CMP Resumes International Distinguished Badge PresentationsCivilian Marksmanship Program▸The First Shot▸CMP Resumes International Distinguished Badge Presentations
By Gary Anderson, DCM Emeritus
Gold Distinguished Marksman Badges are the highest and most prestigious marksmanship awards authorized by the U.S. Government. The Distinguished International Shooters Badge is arguably the most difficult of the Distinguished Badges to earn because International Distinguished shooters must not only qualify for a U. S. National Team but must then produce medal winning performances in international championships where the best shooters in the world participate. The Civilian Marksmanship Program, which now administers the Distinguished Badge program, recently resumed the presentation of Distinguished International Shooter Badges (USDISB) after a long program break. During this interim, the CMP staff had to recover many years worth of data that was lost when a service provider’s computer crashed. A new database with the records of athletes who earned points that count towards the awarding of this badge has been re-established and International Distinguished Badges are being awarded again.
The U. S. Government’s Distinguished Badge program began as a military awards program, but it ultimately became an esteemed awards program for all U. S. citizens. Distinguished Badges affirm our country’s respect for great marksmanship, recognize shooters who consistently place at the top in the most important competitions and promote marksmanship skill development among U. S. citizens. The first Distinguished “gold badges” were awarded to Army marksmen in 1884. In 1891, the program expanded to offer separate Distinguished Rifleman and Distinguished Pistol Shot Badges. The first U. S. Distinguished International Shooter Badges were awarded in 1963.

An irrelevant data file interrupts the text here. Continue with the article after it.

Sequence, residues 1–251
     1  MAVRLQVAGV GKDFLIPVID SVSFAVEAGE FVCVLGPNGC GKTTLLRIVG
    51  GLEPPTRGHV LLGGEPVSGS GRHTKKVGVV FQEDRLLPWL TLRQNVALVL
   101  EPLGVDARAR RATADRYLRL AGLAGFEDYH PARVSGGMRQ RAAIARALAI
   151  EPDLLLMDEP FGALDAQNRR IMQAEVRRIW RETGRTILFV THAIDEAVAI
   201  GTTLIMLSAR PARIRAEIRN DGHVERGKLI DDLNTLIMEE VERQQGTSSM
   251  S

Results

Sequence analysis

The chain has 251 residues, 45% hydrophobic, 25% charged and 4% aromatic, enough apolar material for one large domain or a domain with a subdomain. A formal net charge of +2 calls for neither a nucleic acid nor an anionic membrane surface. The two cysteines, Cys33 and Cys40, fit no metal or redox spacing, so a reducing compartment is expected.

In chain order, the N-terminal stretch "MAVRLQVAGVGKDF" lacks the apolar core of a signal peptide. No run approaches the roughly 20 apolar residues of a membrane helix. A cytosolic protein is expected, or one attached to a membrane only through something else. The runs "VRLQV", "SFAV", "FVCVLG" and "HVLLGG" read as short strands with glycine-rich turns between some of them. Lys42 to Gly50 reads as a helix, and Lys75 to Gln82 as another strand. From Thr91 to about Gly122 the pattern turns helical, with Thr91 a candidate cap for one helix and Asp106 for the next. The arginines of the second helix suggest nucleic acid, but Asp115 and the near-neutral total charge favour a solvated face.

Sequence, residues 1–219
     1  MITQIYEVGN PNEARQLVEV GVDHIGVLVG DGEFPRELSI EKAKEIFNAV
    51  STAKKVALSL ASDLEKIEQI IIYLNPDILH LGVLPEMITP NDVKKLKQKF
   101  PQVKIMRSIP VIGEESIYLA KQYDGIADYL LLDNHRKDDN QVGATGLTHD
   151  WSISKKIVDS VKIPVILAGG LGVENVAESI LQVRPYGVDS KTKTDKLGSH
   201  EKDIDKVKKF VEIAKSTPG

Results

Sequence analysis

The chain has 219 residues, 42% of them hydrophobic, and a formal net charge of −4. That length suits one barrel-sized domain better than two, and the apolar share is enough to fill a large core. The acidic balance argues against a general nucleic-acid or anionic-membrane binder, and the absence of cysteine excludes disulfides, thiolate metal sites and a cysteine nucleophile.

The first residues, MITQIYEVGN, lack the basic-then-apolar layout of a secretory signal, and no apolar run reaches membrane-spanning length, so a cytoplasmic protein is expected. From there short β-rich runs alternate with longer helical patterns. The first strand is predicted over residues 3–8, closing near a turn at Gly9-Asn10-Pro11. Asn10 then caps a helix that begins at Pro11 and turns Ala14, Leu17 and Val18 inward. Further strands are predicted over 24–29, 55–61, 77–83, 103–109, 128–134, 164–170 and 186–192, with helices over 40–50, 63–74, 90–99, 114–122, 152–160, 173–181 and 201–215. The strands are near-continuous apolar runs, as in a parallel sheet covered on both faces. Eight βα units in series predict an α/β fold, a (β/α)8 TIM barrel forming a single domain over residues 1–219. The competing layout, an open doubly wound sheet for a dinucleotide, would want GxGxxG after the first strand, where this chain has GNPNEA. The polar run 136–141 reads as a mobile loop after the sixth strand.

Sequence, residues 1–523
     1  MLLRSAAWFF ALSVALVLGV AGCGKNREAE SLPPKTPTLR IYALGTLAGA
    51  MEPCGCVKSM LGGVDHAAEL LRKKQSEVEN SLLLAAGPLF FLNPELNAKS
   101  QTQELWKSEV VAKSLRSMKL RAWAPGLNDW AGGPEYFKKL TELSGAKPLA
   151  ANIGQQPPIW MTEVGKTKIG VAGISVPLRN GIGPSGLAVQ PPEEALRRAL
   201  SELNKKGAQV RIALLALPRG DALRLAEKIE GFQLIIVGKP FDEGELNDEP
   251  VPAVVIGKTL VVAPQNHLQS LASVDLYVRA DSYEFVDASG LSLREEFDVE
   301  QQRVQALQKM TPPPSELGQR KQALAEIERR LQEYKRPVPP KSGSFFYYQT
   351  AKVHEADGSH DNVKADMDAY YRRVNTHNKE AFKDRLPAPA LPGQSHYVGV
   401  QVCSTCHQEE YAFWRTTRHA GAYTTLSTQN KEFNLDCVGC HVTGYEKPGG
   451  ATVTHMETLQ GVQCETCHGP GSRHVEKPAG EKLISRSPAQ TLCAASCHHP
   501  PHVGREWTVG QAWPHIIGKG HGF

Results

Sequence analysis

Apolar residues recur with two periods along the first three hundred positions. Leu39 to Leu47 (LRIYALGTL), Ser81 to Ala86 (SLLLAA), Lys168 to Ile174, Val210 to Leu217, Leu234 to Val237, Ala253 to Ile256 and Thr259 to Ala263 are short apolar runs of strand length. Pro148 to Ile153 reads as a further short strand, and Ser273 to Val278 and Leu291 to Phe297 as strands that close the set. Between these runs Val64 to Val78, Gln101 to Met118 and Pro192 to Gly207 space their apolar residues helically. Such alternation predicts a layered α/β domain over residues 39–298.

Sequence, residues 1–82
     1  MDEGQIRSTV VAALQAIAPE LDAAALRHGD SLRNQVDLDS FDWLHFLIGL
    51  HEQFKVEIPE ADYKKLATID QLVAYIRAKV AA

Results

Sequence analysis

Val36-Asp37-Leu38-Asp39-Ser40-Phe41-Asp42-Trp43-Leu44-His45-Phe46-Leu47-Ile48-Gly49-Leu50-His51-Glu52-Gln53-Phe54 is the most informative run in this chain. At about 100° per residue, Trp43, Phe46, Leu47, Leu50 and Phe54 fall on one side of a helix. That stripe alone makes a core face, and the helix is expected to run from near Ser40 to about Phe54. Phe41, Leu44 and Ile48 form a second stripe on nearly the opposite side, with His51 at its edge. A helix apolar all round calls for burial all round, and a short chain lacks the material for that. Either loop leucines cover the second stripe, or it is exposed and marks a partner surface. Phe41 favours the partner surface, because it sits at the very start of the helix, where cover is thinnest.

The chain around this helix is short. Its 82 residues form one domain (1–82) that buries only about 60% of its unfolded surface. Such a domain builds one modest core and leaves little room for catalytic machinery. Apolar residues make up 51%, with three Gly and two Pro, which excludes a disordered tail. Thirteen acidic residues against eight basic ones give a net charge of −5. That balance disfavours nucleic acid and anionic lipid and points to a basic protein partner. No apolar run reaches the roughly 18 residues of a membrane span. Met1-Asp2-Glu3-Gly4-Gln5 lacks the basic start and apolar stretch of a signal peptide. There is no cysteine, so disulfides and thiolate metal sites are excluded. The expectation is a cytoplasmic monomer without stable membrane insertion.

The completion of this new database has now enabled the CMP to identify athletes who earned U. S. Distinguished International Shooters Badges between 2010 and 2018 that were not previously awarded. The list published here identifies all athletes who reached the 30-point threshold during this period, including those who have already received their badges. Their names are listed with their shooting disciplines, years when they earned their badges and badge serial numbers.
Nick Mowrer’s achievement in earning the International Distinguished Badge is particularly significant because this makes him a rare Triple Distinguished shooter. He earned his Distinguished Rifleman Badge as a junior in 2005 and his Distinguished Pistol Shot Badge in 2013. Mowrer’s accomplishment is also unique because he is the only known athlete to have earned International Distinguished credit points in more than one shooting discipline. Mowrer earned points in both rifle and pistol. The updated list now also includes a father-daughter combination. The father, William Beard, earned his International Distinguished Badge in 1982. The daughter Army 1LT Sarah Beard went over the 30-point threshold during the 2018 Championship of the Americas to become the second International Distinguished shooter in their family.
The International Distinguished Badge was inaugurated in 1963 at the height of the cold war when shooters from the Soviet Union (USSR) were dominating Olympic and World Championship competitions. The purpose of this badge was to encourage more U. S. citizens to dedicate themselves to doing the intensive high-performance training necessary to win medals in international competitions. An Executive Order signed by President Dwight Eisenhauer had already established the U. S. Army Marksmanship Unit in 1956 and had given it a mission of winning international competitions. To further U. S. efforts to excel in Olympic and World Championship competitions, the National Board for the Promotion of Rifle Practice (NBPRP), which operated as a Department of Defense organization, recommended the creation of the International Distinguished Badge. That recommendation was approved in 1962 and in April 1963, President John F. Kennedy presented the first International Distinguished Badge to Gary Anderson, after he won four World Championship gold medals in the 1962 World Championship. Anderson later became the CMP Director of Civilian Marksmanship and is now the CMP’s Director of Civilian Marksmanship Emeritus.